10:00am, $10 | FREE for those who pledge a reader for $35 or more
Join us for a FREE opening reception on Friday, February 19th from 6 PM until 9 PM.
David Dunlap will be in attendance!
David Dunlap always carries a small notebook in his hip pocket. He’s done this since 1974, and often structures his site specific installations around the chronology of his obsessive recordings in these tattered little books. He has also created ornate monthly calendars for the past 25 years that suggest the sedimentary and inevitable flow of time in a life of art. If you run into him, he’ll jot down thoughts, addresses, comments, notes to himself or notes to you. He also paints suits with icons, images and poetic text. Suits, pants, hats, vests, ties, shoes. When one surface fills, he moves on to another. These suits, he claims, “are at work when they are at rest. Then occupied, they go to work again by going out into the world…” I like the idea that one’s work “goes out into the world” like a march, or a walk, or a witness.
David is like a one-man art movement occupying any necessary space. Back when I was in college in Colorado Springs, I happened to see a Prismacolor pencil drawing that David had done, included in a local exhibition. It was a beautiful thing, something about the private life of Vincent Van Gogh, and I visited it daily, marveling at the detail and acid green palette. Inspired by that artwork, I spent the next five years making Prismacolor drawings. That’s how David’s work works: whether structuring brilliant “free art schools” at his Walnut Farms domicile outside of Iowa City, or engaging collaborations across the globe, he makes the creative act look as natural as breathing. You might see his work in a fine museum, or pulled behind a bicycle in a park, or mysteriously lit with holiday lights on the side of a back country highway, or in an exhibition like this at Woodland Pattern. In recent years, I’ve gotten to know David a bit beyond his early prowess with colored pencil, and am honored to help bring his work to Milwaukee. In the back of some closet, I know I have an old suit coat that needs some cryptic, inspirational, historically resonant, aphoristic, expressive, poetic messages painted onto it. Like a book, it would then be at rest while working, worn out into the world to be read. Like a book.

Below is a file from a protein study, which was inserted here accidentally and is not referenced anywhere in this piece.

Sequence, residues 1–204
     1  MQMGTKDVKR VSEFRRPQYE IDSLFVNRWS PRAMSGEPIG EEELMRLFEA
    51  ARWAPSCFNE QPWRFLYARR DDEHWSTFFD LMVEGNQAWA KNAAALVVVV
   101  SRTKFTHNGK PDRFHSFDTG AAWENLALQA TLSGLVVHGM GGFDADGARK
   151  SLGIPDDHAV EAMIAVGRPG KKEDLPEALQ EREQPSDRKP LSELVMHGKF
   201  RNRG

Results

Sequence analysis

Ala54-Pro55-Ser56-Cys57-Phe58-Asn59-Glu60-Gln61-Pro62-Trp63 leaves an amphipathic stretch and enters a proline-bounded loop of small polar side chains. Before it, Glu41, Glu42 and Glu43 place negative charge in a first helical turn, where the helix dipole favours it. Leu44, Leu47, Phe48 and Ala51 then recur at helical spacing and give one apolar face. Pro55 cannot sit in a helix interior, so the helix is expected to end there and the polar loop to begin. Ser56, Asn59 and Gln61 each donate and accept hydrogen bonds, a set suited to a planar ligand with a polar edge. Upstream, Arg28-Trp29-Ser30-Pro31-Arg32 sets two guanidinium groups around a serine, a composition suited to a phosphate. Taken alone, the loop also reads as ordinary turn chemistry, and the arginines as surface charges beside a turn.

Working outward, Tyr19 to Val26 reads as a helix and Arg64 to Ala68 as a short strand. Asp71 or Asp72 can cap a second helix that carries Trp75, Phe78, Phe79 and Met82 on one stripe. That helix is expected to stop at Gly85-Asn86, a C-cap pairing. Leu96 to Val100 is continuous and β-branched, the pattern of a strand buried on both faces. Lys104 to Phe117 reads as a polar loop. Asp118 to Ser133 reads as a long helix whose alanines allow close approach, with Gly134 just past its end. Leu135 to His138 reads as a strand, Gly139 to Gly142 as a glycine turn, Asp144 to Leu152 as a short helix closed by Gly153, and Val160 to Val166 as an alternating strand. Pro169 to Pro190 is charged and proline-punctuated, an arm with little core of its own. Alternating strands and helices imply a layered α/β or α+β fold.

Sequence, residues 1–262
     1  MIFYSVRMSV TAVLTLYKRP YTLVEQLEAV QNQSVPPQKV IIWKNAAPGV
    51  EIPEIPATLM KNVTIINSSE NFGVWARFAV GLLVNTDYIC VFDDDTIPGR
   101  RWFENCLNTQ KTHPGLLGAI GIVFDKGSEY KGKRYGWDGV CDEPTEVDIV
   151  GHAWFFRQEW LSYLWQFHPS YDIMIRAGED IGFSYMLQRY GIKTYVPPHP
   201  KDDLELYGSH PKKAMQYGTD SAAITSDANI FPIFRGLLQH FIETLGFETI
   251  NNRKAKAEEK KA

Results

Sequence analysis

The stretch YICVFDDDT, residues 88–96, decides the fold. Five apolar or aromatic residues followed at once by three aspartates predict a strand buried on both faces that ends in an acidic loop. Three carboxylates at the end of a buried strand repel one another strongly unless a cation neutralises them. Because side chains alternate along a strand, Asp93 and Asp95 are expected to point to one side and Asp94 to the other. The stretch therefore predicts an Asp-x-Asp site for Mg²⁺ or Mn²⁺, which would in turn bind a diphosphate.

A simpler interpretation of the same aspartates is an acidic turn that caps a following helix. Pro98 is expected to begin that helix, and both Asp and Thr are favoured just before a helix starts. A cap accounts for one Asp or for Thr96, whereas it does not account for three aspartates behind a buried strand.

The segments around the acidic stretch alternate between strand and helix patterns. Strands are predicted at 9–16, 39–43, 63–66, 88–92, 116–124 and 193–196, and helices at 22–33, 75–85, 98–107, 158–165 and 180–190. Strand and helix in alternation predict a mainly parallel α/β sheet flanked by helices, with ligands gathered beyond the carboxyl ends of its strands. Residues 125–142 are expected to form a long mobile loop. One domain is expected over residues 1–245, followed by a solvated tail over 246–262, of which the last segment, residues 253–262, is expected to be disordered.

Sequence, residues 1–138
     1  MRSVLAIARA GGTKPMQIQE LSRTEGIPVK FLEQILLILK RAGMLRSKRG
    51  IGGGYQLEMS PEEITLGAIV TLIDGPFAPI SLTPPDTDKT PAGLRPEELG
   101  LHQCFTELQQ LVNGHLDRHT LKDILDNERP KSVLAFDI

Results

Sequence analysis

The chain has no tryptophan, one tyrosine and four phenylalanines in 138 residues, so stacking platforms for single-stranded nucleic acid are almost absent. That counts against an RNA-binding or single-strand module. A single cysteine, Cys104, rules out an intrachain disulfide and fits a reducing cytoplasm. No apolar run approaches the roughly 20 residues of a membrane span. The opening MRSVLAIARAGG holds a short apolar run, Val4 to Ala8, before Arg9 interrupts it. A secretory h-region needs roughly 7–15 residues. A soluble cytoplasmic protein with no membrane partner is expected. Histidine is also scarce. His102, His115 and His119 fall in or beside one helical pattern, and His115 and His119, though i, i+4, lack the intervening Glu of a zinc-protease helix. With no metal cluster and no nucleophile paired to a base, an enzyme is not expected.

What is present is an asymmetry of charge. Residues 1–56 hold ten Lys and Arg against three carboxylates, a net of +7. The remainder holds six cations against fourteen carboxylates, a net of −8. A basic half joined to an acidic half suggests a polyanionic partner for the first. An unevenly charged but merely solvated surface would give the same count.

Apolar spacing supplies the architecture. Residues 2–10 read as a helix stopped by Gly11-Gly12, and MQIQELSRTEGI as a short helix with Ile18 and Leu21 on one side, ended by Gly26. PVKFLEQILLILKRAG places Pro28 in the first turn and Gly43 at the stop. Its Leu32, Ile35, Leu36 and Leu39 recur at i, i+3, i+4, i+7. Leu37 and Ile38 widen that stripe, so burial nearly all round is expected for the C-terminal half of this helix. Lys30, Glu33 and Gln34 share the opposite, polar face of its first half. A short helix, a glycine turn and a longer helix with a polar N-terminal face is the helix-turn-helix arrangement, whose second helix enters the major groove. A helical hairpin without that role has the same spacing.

David Dunlap is a walnut farmer and painter, a poet of common objects. He keeps notebooks as a way of recording details of daily encounters, and continues to teach in informal settings even after his recent retirement as an art professor at the University of Iowa. He was born in 1940 in Kansas City, Missouri, traveled to Cuba right after the revolution, was inspired by MLK speeches to march for civil rights, and was active in anti-war protests during his formative years. He lived, for a while, in NYC, and then moved to Iowa City, where he worked as a professor, always placing student need over institutional constraint. He currently lives and works as the Attendant at Walnut Farms outside of Iowa City, usually in collaboration with artists from around the world.
Guest curator Lane Hall is a multi-media artist, writer and professor in the Department of English at UW-Milwaukee. He has been active in the recent political struggles in Wisconsin, and has been extensively engaged in artistic activism at both street and academic level. He was a co-founder of the Overpass Light Brigade (OLB) which is a direct action group aimed at DIY political messaging, visibility, and the creation of community through peaceful protest. OLB has spawned an international movement of Light Brigades that is currently comprised of over fifty chapters within the USA, Germany, the UK and New Zealand, all focussing on regional social justice struggles and broader collaborations and campaigns. He continues to seek balance between teaching, visual art, writing, and street activism.
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